4 of 4 people found the following review helpful
- Published on Amazon.com
Format: Audio CD
This album was originally released in Canada in 1975 and then it was released two years later in the U.S. and elsewhere with a different cover and a different album title, " Max Webster/ Hangover ". I had the U.S. version on vinyl for years before finally buying this on CD, which has the original album title, " Max Webster " and the the original cover. My LP version had a lyric sheet, while the CD does not....at least the version I BOUGHT doesn't have it.
ANYHOW.....in either format, I still think this is the best album that Max Webster had ever done. It may not be their most mature album from a musical or lyrical standpoint, but it IS their most hard rocking. Of the nine tracks here, I don't think there is even one dud....I like or love all of these songs! The album gets off to a whiz banger of a start with '" Hangover ", which begins with Kim Mitchell making some intentionally headache inducing noises on his electric guitar, after which the drums come in and Kim lays into a mighty catchy guitar riff (which I taught myself how to play). A terrific song with many good things going for it, particularly Pye Dubois' lyrics, which do an unusual, but accurate job in describing a typical hangover, especially the lines " cold morning and the drums, blue eyes and the window sun ", " double vision when the bars close down " and " I can't feel you but I know you're around, I can feel you cuz I feel the sound ". This wonderful song is followed by another good hard rocker , " Here Among The Cats", on which Mitchell gets in some mighty fast lead guitar work.
Terry Watkinson's sole writing contribution, " Blowing The Blues Away ", is a laid back and catchy hard rock number which contains, like many other songs here, a very singalongable refrain. It also showed that Watkinson was a very capable lyric writer himself. " Summer Turning Blue " is the most mellow song here...very pretty and melodic, with a surprisingly sensitive vocal from Mitchell. This is followed by....
......" Toronto Tontos ", which is my favorite Max Webster song of all time and one of the funniest tunes I have ever heard. I love everything about this song, from the silly voices that sing the opening line " Bonjour aux amis des malheur, nous sommes fous " (which translates into something like ' Good day my friends of misfortune, we are foolish '....or at least that's what my high school French teacher thought it said), to the mock dangerous guitar riff, to the drumming, to Watkinson's organ playing, to Mitchell's bass/baritone vocal, to the silly tin whistle and percussion that comes before the verses, to the delivery of the lines " I got no fire on me...no cigarettes, no matches ", etc.... I do not know WHAT this song is about and I don't think I want to know. What I DO know is that Max Webster never did anything remotely like it again..and that's a shame.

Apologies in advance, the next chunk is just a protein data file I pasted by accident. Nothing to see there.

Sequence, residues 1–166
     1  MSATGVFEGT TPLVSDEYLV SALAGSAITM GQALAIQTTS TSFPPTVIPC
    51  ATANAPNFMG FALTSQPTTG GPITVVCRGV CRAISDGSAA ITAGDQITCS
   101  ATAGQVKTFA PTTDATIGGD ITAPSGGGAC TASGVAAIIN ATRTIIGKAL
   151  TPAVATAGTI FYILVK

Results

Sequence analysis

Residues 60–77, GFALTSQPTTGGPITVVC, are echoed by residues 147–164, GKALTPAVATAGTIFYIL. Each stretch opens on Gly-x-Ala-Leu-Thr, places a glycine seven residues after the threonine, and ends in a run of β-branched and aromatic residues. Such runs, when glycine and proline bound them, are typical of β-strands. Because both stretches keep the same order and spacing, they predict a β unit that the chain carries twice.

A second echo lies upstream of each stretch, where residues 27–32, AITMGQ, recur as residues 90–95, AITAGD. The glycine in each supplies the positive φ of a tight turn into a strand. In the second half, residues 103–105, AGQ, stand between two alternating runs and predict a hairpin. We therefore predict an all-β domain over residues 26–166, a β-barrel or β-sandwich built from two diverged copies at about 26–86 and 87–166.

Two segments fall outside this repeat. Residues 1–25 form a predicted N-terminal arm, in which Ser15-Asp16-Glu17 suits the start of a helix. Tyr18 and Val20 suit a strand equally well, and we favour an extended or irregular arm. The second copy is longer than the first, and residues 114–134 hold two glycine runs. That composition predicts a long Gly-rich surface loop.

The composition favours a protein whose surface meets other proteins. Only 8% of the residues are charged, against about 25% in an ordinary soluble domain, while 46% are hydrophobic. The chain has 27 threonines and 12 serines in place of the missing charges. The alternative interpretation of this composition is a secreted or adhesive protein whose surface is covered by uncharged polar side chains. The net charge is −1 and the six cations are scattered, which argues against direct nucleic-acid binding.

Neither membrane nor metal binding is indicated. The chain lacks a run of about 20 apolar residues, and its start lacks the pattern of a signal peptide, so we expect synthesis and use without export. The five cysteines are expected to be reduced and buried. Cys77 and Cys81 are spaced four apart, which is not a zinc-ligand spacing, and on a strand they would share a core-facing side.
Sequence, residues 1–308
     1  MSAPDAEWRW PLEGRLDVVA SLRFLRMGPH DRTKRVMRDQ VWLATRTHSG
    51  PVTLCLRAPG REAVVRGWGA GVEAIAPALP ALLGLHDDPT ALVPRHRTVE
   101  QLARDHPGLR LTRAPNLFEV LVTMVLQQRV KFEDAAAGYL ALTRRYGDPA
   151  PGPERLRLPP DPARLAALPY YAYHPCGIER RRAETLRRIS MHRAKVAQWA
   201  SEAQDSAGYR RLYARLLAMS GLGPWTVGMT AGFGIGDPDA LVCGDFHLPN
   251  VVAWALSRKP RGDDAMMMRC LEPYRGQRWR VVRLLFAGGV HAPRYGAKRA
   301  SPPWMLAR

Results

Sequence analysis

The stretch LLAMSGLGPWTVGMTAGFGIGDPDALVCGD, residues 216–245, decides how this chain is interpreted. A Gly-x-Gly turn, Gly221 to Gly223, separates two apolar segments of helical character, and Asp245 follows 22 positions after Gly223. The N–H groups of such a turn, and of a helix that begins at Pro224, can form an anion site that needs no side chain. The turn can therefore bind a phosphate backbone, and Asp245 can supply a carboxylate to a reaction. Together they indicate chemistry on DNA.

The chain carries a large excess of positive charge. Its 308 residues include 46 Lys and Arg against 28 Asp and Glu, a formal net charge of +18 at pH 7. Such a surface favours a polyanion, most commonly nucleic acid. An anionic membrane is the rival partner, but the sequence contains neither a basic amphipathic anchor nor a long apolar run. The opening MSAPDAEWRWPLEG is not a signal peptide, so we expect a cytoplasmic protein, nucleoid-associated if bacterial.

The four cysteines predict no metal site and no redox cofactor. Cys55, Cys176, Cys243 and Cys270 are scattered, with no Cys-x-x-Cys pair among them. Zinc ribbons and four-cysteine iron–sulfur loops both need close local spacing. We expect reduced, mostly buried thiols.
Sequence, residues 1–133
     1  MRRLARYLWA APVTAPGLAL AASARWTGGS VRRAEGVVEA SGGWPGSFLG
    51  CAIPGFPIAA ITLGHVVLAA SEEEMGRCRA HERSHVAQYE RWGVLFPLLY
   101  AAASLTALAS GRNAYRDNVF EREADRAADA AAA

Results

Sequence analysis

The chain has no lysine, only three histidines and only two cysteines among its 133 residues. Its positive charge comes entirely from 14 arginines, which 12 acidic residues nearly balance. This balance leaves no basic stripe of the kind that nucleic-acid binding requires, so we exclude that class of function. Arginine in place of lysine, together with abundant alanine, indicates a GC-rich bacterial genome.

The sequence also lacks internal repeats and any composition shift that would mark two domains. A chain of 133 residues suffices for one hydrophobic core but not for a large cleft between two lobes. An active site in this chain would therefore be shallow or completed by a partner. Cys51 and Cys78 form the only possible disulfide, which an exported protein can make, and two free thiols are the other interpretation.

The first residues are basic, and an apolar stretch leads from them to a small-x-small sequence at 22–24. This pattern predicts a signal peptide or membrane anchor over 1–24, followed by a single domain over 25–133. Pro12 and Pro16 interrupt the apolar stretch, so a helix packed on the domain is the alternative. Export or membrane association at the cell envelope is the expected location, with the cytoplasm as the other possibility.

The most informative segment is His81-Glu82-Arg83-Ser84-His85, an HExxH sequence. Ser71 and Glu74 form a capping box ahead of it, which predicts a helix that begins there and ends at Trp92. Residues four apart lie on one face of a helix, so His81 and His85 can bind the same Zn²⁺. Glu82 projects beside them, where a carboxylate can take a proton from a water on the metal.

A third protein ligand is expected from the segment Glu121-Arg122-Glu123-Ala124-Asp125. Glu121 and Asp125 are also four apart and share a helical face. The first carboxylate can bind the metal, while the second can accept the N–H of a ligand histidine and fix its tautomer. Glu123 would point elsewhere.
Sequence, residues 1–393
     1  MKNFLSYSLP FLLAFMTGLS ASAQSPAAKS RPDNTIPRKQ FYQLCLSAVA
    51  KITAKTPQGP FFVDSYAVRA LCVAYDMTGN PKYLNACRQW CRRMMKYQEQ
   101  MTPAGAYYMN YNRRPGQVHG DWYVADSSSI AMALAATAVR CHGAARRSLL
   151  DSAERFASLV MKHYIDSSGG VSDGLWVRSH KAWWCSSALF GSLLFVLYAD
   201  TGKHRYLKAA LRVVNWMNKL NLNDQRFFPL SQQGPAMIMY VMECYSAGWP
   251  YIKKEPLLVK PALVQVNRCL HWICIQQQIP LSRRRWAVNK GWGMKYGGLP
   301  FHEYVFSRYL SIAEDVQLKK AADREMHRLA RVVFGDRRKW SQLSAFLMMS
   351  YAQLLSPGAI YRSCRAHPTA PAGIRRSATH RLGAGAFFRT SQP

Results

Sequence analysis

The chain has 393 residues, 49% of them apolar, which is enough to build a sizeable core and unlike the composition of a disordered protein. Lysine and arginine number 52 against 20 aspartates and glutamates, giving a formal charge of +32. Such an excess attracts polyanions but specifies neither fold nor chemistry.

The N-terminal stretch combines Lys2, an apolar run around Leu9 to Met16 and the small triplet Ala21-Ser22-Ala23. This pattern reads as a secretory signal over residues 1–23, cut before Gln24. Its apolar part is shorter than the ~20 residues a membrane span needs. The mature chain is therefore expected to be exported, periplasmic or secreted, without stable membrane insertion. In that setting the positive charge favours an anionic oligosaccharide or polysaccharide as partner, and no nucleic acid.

The second half is mighty good as well (though not as strong as the first half ) and starts off with two very satisfying hard rockers in a row, " Coming Off The Moon " and " Only Your Nose Knows ". Both of them feature outstanding playing from all four band members, though once again, Mitchell's lead guitar playing particularly shines on " Only Your Nose Knows ". I think I may have heard that tune on the radio a few times.
" Summers Up " is an odd little piece. It's a bit mellow, with some cocktail jazz like piano playing from Watkinson. Mitchell hits some very LOW, LOW notes during one part. A weird, but enjoyable song. The album ends on an unexpected serious note with the seven and a half minute progressive rock number " Lily ". The musical star of this one is Watkinson. Several different musical sections,some complicated time signatures, not a very heavy song. Though it may be my least favorite tune here, it does get better after a few listens.
Some very good albums would come afterwards, but overall, I would have to say this album is the best one Max Webster did. Terry Brown helped produce it and the album really sounds great, especially when played VERY LOUD! I really think you should buy this album...really!